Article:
The heart of this disaster lies at the end of the highway which leads to Kahramanmaras, a bustling city of a million people, perched up in the mountains of central Turkey.
The setting is spectacular but this community also sits along the East Anatolian Fault. When two major earthquakes ruptured the surface on Monday, the city’s residents found themselves far too close to the epicentres of both.
As we made our way into the city, we saw tens of thousands in plastic tents or cooking outside over open fires. People clung to blankets to keep themselves warm as a bitter wind whipped through the streets.
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Yet these are the survivors, those who have managed to keep themselves alive.
Many of their neighbours have not.
We went to an area of the city called the Abrar district, which hosted a series of newly built, multi-storey apartment buildings.
Nine residential blocks of up to 11 storeys had been ripped from their foundations, their occupants buried in disorderly tombs.
Small bands of volunteers clambered over the concrete slabs looking for signs of life, but the bodies of some of those who have lost their lives were visible between the cracks. We saw a woman’s foot poking through the rubble and the head of a man between the compressed floors of a building they called ‘Block A’.
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We heard a tortured cry from the top of a great pile of rubble as the body of a girl was extracted from the slabs and shards of metal.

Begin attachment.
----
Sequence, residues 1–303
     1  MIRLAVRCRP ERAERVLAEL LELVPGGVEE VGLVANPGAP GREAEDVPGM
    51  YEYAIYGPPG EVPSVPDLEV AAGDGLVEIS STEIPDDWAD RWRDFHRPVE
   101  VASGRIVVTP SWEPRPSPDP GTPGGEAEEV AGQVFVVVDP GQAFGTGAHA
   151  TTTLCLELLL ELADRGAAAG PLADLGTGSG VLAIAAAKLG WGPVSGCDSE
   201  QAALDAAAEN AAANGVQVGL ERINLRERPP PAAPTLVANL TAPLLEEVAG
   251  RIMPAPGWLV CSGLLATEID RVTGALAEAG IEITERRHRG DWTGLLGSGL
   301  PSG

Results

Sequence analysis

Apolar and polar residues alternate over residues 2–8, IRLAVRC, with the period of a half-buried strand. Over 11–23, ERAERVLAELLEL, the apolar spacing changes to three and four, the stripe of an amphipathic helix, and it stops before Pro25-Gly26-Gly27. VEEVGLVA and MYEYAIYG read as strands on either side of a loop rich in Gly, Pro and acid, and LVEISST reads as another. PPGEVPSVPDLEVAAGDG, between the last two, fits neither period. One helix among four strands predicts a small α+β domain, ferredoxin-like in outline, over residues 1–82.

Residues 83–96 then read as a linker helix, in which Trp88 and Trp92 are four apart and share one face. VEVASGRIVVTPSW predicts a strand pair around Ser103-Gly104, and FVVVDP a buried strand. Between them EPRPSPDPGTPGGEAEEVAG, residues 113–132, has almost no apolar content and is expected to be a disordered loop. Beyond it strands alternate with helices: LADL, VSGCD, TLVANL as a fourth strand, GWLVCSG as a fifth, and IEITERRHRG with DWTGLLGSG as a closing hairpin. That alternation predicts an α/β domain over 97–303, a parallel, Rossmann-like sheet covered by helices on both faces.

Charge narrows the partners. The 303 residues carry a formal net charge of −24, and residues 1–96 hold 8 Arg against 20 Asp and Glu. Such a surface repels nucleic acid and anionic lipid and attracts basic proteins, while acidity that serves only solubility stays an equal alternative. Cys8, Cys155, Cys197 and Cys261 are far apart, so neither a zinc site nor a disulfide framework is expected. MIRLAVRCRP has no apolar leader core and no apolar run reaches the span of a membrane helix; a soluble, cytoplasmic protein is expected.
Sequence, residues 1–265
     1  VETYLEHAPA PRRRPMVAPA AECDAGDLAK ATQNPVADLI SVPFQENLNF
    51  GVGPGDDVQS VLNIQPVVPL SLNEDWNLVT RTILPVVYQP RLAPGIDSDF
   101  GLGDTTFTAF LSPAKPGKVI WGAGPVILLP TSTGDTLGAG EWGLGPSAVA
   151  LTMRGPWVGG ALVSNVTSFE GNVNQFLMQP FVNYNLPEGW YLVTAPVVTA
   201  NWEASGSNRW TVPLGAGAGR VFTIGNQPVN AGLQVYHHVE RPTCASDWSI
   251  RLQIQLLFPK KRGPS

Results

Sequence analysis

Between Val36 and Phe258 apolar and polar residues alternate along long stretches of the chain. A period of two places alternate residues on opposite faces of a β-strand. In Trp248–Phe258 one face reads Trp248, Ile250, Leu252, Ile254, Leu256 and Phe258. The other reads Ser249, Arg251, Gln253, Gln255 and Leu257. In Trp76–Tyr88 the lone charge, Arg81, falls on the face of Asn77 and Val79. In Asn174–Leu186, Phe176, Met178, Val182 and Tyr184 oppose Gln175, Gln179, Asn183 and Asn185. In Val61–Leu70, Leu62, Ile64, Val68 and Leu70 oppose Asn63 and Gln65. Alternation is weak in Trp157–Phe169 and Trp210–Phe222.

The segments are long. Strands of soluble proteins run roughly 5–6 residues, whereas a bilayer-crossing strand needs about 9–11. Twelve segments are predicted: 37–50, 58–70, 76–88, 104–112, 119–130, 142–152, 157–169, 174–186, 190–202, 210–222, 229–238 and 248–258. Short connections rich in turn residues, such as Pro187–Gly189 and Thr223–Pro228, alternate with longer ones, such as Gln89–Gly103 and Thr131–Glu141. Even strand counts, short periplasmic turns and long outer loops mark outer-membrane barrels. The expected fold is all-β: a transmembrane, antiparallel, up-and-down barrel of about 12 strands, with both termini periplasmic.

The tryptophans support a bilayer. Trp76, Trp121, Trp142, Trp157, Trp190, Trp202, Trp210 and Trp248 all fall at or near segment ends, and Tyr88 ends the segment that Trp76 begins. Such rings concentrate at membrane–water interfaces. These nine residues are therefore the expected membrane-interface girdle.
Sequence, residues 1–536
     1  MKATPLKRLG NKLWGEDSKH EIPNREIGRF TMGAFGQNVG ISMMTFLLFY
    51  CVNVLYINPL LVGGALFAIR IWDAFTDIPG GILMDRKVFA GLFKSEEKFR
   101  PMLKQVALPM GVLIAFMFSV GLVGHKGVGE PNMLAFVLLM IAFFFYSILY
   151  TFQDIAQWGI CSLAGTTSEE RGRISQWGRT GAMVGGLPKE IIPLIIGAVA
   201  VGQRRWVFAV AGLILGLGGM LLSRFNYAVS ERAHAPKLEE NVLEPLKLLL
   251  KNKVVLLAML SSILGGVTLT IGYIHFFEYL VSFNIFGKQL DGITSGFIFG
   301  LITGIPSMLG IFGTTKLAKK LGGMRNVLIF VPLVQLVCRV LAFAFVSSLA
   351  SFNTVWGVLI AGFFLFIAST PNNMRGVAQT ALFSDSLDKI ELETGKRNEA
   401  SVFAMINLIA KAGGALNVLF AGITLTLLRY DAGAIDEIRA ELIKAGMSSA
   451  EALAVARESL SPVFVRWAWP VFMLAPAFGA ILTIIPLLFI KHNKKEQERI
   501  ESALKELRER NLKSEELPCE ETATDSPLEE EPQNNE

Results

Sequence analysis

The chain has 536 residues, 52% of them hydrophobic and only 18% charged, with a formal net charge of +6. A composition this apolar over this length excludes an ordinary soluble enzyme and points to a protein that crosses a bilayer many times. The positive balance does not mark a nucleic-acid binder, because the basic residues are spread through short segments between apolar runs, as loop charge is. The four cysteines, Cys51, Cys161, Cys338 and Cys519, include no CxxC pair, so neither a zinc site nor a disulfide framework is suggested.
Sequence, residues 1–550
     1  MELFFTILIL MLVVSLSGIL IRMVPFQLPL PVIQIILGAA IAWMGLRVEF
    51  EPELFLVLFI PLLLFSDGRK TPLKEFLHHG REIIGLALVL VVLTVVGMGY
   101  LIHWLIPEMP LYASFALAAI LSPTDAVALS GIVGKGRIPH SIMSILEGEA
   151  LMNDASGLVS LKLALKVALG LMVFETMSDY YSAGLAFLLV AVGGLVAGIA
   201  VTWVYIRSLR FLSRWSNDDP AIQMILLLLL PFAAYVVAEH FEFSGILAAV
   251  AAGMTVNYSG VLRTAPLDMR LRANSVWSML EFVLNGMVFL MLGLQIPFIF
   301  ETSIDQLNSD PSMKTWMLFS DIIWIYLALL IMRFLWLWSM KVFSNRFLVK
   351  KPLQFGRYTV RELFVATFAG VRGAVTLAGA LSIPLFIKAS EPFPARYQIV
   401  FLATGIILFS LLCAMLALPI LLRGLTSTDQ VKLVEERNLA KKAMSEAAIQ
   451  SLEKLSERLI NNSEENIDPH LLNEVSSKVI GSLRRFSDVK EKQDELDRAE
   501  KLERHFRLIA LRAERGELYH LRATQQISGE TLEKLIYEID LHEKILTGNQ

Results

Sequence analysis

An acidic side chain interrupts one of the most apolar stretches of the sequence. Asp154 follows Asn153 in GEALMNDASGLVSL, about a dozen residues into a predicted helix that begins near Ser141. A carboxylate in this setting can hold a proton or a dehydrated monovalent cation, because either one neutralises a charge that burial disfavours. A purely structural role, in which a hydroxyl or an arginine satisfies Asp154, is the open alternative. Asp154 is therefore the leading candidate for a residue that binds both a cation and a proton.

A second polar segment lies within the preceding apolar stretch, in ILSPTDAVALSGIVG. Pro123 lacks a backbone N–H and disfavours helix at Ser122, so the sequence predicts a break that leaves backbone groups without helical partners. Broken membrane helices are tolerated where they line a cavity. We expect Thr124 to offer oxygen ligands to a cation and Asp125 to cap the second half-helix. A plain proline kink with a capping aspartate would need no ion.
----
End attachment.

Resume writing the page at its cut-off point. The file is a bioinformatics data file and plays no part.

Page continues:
It came from a man called Juma Aktop, who lived with his family on the 11th floor. He was staring at his 12-year-old daughter, Leyla, who was wrapped in the blanket which had laid on her bed.
Her uncle, Mustafa, carried her down the slope, calling out her name as he scrambled down.
“Leyla,” he cried, “Leyla.”
“Have you checked to see if she is alive or not? Do you know if she is alive?”
Mustafa collapsed at the bottom of the mountain of debris and a volunteer checked the body.
“Unfortunately not,” she said.
But in the Abrar district people were angry and upset. The first heavy machinery, like excavators and cranes, had only just arrived.
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One man stopped and pointed at the camera.
“Where are they? Where are they? There are no vehicles, no electricity, there’s nothing here, no generators, people will die from the cold and hunger.”
He said two members of his family were buried in the rubble and the government had done nothing to help. He took out his phone and waved it.
“There is no connection, no signal, should we drop our phones because we cannot communicate with them, why? Where are they, where are they?”
Some hold out for something like a miracle, the emergence of survivors from under the rubble.
But hope is turning into despair in a district now dominated by great piles of debris.